- if you drink alcohol
- if you are taking a medicine that contains methylene blue
Some MEDICINES MAY INTERACT with naltrexone. Tell your health care provider if you are taking any other medicines, especially any of the following:
- Antipsychotics (eg, haloperidol, risperidone), corticosteroids (eg, prednisone), insulin or oral medicines to treat diabetes (eg, glipizide), theophylline, tricyclic antidepressants (eg, amitriptyline), or other medicine that contains bupropion because the risk of seizures may be increased
- Amantadine, clopidogrel, levodopa, linezolid, MAOIs (eg, phenelzine), or ticlopidine because they may increase the risk of naltrexone's side effects
- Opioid medicines (eg, methadone) or partial opioid agonists (eg, buprenorphine) because their effectiveness may be decreased by naltrexone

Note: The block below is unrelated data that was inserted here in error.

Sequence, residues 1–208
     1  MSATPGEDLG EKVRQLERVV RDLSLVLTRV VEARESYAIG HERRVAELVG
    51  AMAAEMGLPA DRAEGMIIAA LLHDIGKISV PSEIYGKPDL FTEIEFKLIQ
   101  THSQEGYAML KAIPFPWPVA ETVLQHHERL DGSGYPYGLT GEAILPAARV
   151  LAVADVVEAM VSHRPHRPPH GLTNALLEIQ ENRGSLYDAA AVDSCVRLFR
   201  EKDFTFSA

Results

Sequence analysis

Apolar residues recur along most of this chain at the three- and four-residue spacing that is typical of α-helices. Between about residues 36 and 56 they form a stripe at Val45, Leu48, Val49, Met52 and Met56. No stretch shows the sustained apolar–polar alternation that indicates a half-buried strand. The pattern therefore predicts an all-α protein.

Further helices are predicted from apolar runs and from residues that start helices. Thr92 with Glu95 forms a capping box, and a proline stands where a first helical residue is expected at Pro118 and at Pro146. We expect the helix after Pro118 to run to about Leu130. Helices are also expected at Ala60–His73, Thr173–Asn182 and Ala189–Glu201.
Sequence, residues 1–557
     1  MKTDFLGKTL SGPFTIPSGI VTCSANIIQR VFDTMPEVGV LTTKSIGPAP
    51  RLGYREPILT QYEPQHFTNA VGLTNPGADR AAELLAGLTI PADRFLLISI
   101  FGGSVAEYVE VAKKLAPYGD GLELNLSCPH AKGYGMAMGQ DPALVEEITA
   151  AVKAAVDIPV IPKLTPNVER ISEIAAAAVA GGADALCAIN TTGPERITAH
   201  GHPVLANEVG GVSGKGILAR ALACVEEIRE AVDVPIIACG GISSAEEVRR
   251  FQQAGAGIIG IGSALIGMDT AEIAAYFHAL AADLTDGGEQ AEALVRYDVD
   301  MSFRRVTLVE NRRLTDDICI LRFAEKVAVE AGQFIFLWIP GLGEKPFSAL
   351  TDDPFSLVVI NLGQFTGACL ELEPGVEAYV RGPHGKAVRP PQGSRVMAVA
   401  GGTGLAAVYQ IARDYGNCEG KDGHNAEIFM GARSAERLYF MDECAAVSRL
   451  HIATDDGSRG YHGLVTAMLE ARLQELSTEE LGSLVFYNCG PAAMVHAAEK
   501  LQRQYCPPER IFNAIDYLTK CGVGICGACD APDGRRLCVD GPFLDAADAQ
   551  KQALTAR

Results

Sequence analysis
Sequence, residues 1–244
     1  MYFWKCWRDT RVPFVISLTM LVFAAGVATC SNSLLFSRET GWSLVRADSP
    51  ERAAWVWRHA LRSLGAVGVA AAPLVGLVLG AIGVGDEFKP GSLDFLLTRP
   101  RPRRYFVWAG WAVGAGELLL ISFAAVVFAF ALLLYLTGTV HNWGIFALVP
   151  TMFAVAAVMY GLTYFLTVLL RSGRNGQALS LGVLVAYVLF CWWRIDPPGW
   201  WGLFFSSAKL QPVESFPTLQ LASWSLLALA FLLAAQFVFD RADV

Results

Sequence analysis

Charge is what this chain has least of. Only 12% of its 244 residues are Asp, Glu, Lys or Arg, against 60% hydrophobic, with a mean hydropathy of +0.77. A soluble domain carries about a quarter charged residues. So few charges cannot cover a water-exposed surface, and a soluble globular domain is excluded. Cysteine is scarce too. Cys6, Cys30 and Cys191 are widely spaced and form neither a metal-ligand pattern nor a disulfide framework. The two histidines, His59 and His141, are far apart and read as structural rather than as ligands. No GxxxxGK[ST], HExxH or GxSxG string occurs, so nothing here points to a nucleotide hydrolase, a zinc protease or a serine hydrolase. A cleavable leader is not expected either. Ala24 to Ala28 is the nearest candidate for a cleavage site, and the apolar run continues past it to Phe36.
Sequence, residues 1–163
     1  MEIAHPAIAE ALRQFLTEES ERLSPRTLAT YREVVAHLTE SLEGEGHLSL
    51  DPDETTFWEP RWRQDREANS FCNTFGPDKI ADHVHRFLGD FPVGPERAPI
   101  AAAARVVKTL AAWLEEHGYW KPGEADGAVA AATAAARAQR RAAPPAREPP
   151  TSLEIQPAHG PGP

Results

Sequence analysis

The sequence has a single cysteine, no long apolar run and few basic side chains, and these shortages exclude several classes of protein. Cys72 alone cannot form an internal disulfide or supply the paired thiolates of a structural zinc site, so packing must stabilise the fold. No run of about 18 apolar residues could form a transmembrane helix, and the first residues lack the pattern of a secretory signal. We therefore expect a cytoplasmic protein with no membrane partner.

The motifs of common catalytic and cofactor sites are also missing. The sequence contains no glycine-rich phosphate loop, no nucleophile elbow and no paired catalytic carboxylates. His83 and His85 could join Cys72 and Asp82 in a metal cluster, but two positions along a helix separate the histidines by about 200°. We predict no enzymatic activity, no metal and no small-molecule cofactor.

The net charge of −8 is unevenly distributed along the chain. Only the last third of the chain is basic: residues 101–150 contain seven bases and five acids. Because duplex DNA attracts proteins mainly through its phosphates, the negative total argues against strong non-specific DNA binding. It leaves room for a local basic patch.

- Carbamazepine, efavirenz, lopinavir, phenobarbital, phenytoin, or ritonavir because they may decrease naltrexone's effectiveness
- Amiloride, beta-blockers (eg, metoprolol, pindolol), certain antiarrhythmics (eg, flecainide, procainamide, propafenone), cimetidine, dopamine, famotidine, lorcaserin, memantine, metformin, oxaliplatin, phenothiazines (eg, thioridazine), ranitidine, selective serotonin reuptake inhibitors (SSRIs) (eg, fluoxetine), tricyclic antidepressants (eg, nortriptyline), or varenicline because the risk of their side effects may be increased by naltrexone
This may not be a complete list of all interactions that may occur. Ask your health care provider if naltrexone may interact with other medicines that you take. Check with your health care provider before you start, stop, or change the dose of any medicine.
How to use naltrexone:
Use naltrexone as directed by your doctor. Check the label on the medicine for exact dosing instructions.